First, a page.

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Training Tools for Curriculum Development. A Resource Pack
Core Modules

 

 

Activity 1: Change to improve quality
 

  1. Change to improve quality

  2. International trends in curriculum change

  3. Curriculum as process and product

 

Quality in education is understood in different ways. This activity offers a framework for consideration of current local and international understandings of quality in education, for investigation of the challenges posed for your context and possible means of addressing them.

The quality of learning is now clearly recognized as a fundamental factor in achieving universal participation in education. The sixth goal of the Dakar Framework for Action (2000) states the need for:

Improving all aspects of the quality of basic education and ensuring excellence of all so that recognized and measurable learning outcomes are achieved by all, especially in literacy, numeracy and essential life skills.

The quality of education has thus come to be seen as directly related to the issue of access to education for all. UNESCO has identified curriculum as one of the ten dimensions of quality in education1. While the concept of quality is understood in different ways, the 2005 Education For All (EFA) Global Monitoring Report2 identifies three principles that increasingly influence educational content and processes. They are summarized as the needs for:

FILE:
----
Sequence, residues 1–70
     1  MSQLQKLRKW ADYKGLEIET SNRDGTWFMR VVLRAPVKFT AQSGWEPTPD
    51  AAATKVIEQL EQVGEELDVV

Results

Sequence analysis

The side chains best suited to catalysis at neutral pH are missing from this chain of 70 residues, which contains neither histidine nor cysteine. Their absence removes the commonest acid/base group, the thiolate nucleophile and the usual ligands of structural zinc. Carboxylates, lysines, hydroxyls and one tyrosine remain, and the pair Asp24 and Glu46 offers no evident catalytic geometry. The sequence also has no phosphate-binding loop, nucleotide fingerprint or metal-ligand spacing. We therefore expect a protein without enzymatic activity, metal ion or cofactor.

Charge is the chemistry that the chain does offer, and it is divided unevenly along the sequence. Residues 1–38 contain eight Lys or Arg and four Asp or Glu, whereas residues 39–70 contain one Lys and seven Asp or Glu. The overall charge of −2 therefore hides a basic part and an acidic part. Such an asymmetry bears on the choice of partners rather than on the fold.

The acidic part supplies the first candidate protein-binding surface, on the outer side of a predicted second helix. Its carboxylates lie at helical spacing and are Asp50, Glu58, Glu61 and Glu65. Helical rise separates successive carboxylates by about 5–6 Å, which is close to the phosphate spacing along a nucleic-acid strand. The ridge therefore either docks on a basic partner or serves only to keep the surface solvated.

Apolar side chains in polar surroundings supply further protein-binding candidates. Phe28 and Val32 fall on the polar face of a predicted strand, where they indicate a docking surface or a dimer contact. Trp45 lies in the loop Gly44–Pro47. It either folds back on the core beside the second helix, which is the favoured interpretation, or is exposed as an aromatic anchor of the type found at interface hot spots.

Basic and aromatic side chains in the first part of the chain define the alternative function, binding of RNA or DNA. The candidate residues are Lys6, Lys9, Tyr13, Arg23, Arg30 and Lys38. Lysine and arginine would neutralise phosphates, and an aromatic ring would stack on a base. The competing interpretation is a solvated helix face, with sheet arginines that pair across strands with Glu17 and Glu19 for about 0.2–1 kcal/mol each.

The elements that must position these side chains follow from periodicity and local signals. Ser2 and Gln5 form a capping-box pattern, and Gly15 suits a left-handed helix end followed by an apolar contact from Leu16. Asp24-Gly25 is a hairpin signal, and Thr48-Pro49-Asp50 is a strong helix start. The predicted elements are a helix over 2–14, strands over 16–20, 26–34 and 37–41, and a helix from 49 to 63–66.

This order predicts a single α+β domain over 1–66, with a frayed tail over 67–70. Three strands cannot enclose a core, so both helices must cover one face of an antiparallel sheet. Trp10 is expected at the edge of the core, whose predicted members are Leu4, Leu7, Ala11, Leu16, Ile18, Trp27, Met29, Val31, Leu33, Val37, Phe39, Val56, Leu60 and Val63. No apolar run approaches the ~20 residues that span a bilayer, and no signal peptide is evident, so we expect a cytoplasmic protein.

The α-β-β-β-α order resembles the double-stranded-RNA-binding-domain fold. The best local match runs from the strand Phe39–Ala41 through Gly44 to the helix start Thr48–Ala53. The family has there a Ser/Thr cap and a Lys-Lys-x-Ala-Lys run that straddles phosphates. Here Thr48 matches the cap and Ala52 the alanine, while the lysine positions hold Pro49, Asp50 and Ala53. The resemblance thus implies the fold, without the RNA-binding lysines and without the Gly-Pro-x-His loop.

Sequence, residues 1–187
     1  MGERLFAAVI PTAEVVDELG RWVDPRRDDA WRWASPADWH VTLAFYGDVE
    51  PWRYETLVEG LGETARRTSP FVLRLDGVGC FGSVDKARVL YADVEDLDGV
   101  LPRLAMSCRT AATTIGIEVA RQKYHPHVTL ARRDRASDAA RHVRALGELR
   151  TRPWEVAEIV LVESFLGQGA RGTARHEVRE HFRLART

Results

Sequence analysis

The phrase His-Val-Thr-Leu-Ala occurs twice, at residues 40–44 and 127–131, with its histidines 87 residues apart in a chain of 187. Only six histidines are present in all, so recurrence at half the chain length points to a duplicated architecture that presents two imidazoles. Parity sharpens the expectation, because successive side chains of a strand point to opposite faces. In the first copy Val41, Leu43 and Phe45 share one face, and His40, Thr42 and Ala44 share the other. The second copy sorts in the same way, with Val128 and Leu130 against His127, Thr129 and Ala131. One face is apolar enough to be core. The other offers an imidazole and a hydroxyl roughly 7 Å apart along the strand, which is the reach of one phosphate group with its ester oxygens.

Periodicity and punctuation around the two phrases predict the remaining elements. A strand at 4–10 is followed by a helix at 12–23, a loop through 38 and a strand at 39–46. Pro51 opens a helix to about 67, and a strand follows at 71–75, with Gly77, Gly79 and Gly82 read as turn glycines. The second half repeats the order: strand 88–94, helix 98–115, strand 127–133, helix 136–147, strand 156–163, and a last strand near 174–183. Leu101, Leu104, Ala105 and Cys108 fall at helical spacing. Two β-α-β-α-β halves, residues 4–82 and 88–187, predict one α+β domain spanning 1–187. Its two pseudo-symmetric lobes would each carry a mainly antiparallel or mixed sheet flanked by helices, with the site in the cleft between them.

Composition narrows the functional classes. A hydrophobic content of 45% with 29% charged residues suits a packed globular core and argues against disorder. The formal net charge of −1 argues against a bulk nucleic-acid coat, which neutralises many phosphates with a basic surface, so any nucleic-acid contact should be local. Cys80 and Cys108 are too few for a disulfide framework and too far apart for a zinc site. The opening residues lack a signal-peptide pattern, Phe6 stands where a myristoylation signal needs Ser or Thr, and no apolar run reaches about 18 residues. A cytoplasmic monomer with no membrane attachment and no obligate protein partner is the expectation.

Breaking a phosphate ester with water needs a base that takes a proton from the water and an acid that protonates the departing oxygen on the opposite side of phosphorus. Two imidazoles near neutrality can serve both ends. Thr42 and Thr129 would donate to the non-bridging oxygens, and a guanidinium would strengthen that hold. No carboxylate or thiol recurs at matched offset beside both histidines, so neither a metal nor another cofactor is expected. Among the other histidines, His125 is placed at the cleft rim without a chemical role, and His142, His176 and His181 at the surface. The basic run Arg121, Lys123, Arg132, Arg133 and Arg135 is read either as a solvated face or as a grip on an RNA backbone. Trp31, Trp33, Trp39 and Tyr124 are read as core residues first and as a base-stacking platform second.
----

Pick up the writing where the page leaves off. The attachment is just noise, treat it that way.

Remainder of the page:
• More relevance;
  • Greater equity of access and outcome;
  • Proper observance of individual rights.

Relevance is determined by context (global, national and local circumstances in which the curriculum is developed), and addresses the needs of learners and the various other stakeholders involved in what constitutes meaningful learning.
In general terms, curriculum defines what is to be taught and learned. Curriculum developers should make judgments about curriculum relevance by considering:

  • The present and future personal lives of students;
  • The cultural and social context in which students live, including respect for traditions, language, religion and values;
  • The society, with a view to promoting internal stability and cohesion, as well as its contribution to global well-being;
  • The economy which demands skills and knowledge that will enhance productivity, prosperity and opportunity;
  • A range of urgent global concerns, including health related issues (such as the spread of HIV and AIDS and other pandemics), conflict resolution and environmental sustainability.

The EFA goals also implicitly require both:

  • The realization of the right to basic education for all people, and
  • Respect for the social and cultural rights of others through education.

Curriculum developers should be aware that rights-based approaches to education are increasingly informing how educational quality is defined and measured. Ensuring gender sensitivity and responsiveness and respect for minorities in the educational process are essential components of such approaches.

1 Pigozzi, M.J. (2004) “The Ministerial Viewpoint on ‘Quality Education’”. Prospects: Quarterly Review of Comparative Education, vol. 34, n° 2, June 2004.
2 UNESCO (2005) Education for All. The Quality Imperative. EFA Global Monitoring Report 2005. Paris, UNESCO. http://unesdoc.unesco.org/images/0013/001373/137333e.pdf.

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